A lot of YIMBY folks I talk to (even those who aren't black) seem to have an affinity for hip-hop and I do think it's because the medium speaks the truth about a lot of the #urbanpolicy stuff that they have to deal with day-to-day. "Jazz is more advanced than the architecture. If architecture were at the point reached by Jazz, it would be an incredible spectacle." "Hip-Hop Architecture is a critique of #modernism -- towards the liberation of the working-class." "Hip-Hop is a 'Post-Occupancy Report' on modernism." Lots of great quotes here.
Music is important because it's a metaphor for how people and styles from different backgrounds can come together and work towards a common cause in solidarity. I've met and worked with a lot of people I wouldn't have otherwise myself, thanks to my musical projects. Worth the 20 mins you'll spend hearing what Ford has to say -- how did I not know this was a thing up until now?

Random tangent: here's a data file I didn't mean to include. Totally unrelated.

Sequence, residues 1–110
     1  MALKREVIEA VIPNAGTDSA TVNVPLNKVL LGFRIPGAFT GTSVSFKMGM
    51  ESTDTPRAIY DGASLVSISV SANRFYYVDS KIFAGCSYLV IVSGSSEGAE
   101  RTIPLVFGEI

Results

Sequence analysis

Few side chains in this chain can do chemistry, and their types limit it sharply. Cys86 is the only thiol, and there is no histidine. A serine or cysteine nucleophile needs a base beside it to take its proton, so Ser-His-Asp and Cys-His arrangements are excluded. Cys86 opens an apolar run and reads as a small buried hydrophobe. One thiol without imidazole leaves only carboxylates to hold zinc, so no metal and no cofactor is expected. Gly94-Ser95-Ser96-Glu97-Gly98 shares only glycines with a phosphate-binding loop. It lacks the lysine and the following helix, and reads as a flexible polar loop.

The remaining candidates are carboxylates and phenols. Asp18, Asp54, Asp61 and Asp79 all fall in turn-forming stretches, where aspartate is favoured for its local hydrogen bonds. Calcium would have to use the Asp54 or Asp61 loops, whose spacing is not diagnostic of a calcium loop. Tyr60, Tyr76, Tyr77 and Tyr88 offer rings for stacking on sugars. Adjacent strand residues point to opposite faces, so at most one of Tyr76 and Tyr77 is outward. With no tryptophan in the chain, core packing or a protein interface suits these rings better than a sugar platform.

4 months ago
All eyes are on Sidewalk Labs' futuristic plans for a data-driven neighborhood in Toronto. But no one's watching more closely than Bianca Wylie. “A city is not a business,” Wylie, who’s been called “the Jane Jacobs of the smart city” told CityLab’s Laura Bliss. For the privacy advocate, the redevelopment of Quayside—as the project site has been dubbed—seems to be wrong in its very conception. Waterfront Toronto is responsible for 800 acres of prime urban real estate on the lake, and by Wylie’s account, has allowed a private company instead to take the lead on shaping its future. Sidewalk Labs will determine questions of policy that, she told Bliss, should be the province of governments and people, not of a startup. And it’s bigger than Toronto: What happens in this city is a test case that any tech company curious about building a neighborhood will be watching. And observers are seeing that Wylie’s camp is having an impact. “It’s about our neighborhoods, our cities, how we want them to work, what problems should be solved, and which options should be looked at,” Wylie says. “I reject the technocratic vision of problem solving.” Read more via the link in our bio. (📷: Calvin Thomas) #smartcities#urbandesign#urbanpolicy#janejacobs#sidewalklabs